Still Game – Series 7: Review

When it was announced that Still Game would return to the telly for another series after a 9-year hiatus, it was almost too good to be true.  The trials and tribulations of Jack and Victor and the Craiglang crew made for the pinnacle of Scottish comedy over its six year run and the little vignettes of life in Glasgow made for some of the best individual episodes of TV that I’ve ever seen.

Season 7 of Still Game was pretty much the perfect summing up of the two grumpy old men that drive the show, still full of wit and character but getting on a bit in years too.

The heart and soul of Still Game was always the traditional Glesga patter between the locals of Craiglang, and the humour that ran through the show of ridiculous situations playing out among the most ordinary of people.  All of this was made possible by tremendous writing to capture witty jokes, absurdist plot lines but also a touch of emotion that wrapped things up nicely.

This series delivered on all of these in their own special way, which is what made watching these new adventures unfold such a pleasure, but it wasn’t all smooth sailing down the Kelvin.

For me the first episode struggled to find the rhythm that made Still Game the show it was.  The jokes felt a little laboured and the show seemed to try a little too hard to recapture the feeling that made the old episodes so good.  There was always going to be a bit of that – with writers Ford Kiernan and Greg Hemphill toeing a fine line between rehashing what they did before and writing something alien to the legions of fans tuning in every week.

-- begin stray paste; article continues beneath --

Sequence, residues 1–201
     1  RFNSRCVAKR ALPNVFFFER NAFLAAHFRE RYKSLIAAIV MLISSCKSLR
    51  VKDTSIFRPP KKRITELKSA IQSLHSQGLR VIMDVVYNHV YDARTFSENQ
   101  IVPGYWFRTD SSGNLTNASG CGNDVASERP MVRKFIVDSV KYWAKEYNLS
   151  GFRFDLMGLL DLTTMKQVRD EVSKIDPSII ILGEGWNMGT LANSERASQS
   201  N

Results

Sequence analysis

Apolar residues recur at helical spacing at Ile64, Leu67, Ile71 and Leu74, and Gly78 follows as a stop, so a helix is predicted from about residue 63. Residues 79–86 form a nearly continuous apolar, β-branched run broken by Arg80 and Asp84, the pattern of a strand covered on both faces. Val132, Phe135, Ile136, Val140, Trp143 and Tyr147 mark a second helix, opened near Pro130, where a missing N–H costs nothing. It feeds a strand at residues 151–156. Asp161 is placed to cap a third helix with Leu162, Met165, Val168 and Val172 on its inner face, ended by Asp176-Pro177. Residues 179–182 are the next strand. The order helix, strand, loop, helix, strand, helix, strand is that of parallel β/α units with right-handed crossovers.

But as the series went on the show felt surer of itself and took on the new world the characters found themselves in.

In particular, the second episode “The Undrinkables” where the cast and characters paid tribute to the late Jake D’ Arcy who played the wonderfully named Pete the Jakey.  This showed the skill of the show in its’ truest form – managing to bring laugh out loud moments, new and memorable characters, and a poignant and touching memorial all into one thirty-minute show.

From there the series picked up and had more and more of the trademark moments that define the show.  For me the best stint was in that very episode where Jack and Victor investigate the local bootleggers, and proceed to break into and smash up the suspect’s kitchen only to find Tam and his wife celebrating their anniversary in a little less peace than hoped.

The writers also made the smart move of bringing in more guest stars into the show in this series to freshen up the cast and provide some new perspectives on the lives of the main group.  Characters such as Methadone Mick and young Fergie show there’s new blood in Craiglang (and Scottish comedy too) and it was good to see some new faces and new gags along with the old crew.

Still Game continues to mark the best comedy show that BBC Scotland has to offer, with Ford Kiernan and Greg Hemphill surely being two of the finest writers in the Britain, let alone Scotland.

All-in-all Still Game’s return was a success both in terms of quality and in terms of viewership and a fantastic effort from the writers and cast in doing their best in meeting the impossible expectations of the fans.

Here’s hoping it’s not another 9 year to get another helping of the finest show BBC Scotland has to offer!

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